By Kaitlyn Jones
Because you cannot become acquainted with what you cannot discover, revealing potential is important. Revealing potential opens the door to the possibility of change. At RedCliff Ascent, revealing potential allows troubled teens to find the person inside who they were always meant to be. Sometimes students have never opened that door and don’t know that it exists. Some students are scared to open that door but once they do they find endless possibilities of change and self-discovery becomes tangible. Without that step, there is no forward motion in changing oneself. That is why revealing potential is important.
RedCliff Ascent is uniquely able to reveal potential in students that attend the program by placing them in the wilderness. Students start the program by surrendering all of their belongings; their cell phone, iPod, makeup, clothing, and other material things that they use to define who they are. They are then given the basic necessities of life and placed in a nomadic backpacking group where they learn to live on only what they need.
Being in the wilderness with only the things they need reveals potential because they metaphorically remove all their masks. They have the opportunity to discover themselves because there are no distractions. They are away from the fast pace of the outside world. Also, they can’t use their typical coping mechanisms. Through their wilderness experience, they quickly and genuinely discover who they really are. The power of the novel wilderness environment provides that experience for them. That is the power of Wilderness Therapy.
Discovering a Reason to Live
I have seen the difference that revealing potential can make for myself. I once worked with a student who never thought it possible to have the desire to be alive. She came to hospitalizations and suicide attempts accompanied by a significant amount of self-harm history, she was sent to RedCliff Ascent. On her first day in the program, her therapist placed her on heightened supervision due to suicidal ideation. Then she proceeded to make lists of reasons she should die. Struggling through the chains of depression, she worked her way through the program.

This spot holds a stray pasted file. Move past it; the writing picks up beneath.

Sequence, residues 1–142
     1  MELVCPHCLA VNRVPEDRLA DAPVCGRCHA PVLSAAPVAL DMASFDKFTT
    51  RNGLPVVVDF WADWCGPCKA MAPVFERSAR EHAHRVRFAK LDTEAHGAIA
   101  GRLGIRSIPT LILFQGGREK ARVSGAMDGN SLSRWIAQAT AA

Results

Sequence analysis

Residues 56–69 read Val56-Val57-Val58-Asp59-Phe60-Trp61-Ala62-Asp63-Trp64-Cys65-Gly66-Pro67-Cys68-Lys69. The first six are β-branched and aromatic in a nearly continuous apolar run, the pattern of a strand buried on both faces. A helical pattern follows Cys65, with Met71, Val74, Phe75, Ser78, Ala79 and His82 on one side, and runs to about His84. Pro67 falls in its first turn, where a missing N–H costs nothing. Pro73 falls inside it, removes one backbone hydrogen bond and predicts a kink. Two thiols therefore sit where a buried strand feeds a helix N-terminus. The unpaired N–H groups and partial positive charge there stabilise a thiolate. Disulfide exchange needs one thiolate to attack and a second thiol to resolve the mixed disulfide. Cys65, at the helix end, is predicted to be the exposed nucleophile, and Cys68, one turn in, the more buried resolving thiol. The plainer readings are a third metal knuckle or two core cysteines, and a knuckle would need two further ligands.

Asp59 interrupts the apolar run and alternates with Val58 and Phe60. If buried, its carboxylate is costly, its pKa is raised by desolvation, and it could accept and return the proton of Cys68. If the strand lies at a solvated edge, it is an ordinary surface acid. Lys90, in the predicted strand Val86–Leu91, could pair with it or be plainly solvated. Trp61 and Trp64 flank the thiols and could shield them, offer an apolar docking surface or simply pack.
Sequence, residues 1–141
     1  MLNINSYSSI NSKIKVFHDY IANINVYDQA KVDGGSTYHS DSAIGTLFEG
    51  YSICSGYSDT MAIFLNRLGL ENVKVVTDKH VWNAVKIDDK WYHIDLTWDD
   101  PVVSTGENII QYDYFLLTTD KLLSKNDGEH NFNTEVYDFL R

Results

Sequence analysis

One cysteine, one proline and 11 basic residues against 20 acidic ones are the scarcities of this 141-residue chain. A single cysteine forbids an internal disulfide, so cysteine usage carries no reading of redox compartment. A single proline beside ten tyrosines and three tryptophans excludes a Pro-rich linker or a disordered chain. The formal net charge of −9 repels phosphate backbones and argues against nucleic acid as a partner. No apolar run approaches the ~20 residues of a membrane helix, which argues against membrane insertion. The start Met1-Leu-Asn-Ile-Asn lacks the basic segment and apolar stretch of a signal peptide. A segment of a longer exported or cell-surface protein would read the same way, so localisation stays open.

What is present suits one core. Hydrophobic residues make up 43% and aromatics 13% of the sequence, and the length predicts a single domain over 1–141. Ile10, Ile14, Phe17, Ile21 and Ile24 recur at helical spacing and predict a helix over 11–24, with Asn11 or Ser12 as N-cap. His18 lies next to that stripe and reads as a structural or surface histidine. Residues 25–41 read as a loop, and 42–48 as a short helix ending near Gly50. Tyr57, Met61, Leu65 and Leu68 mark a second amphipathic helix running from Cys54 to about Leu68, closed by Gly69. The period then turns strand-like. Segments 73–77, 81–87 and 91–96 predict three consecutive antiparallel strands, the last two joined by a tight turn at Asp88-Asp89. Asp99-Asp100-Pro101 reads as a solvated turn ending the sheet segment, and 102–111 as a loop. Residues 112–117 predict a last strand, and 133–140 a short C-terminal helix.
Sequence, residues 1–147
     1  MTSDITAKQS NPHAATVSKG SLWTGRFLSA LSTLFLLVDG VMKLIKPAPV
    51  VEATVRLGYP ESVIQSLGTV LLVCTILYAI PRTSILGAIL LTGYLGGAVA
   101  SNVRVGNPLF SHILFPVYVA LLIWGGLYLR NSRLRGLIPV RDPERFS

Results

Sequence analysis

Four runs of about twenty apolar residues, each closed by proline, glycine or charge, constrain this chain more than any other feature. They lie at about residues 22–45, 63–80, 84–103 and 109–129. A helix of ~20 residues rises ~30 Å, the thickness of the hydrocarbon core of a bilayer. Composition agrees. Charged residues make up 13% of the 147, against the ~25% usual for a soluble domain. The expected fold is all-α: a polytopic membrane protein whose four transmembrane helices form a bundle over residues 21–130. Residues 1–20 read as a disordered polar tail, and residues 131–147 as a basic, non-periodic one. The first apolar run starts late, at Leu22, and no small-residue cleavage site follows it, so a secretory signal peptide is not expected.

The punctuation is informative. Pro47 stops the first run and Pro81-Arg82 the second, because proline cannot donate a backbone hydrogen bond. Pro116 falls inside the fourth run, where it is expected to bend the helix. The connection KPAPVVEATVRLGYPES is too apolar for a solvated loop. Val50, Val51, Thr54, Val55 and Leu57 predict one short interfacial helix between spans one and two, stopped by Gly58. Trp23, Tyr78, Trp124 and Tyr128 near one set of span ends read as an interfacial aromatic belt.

After 55 days of being on heightened supervision, she was deemed safe, but not before she had made lists of reasons she wanted to be alive. The wilderness provided her the opportunity to be connected to something greater than herself. She found hope. Later in her stay at the program she earned an earth name and went on to earn knife privileges; something that no one ever really thought possible. The day she earned knife privileges, someone asked her to tell the group how she was feeling and without hesitation, she turned around and announced to the world… “I’M ALIVE! I’M SO HAPPY TO BE ALIVE!!!”
Finding Your Teen’s Potential
I have never met a parent who doesn’t want their child to become and have more than the parent. Parents innately want their children to be successful; they want what is best for them. Revealing potential is the first step in that process. Revealing potential is helping your child see what you already see in them. Parents need to know that revealing potential is accomplished by building someone up and creating firm boundaries while being firm but kind. It is possible to help your child reveal their potential but it is ultimately their decision to discover it and do something with that discover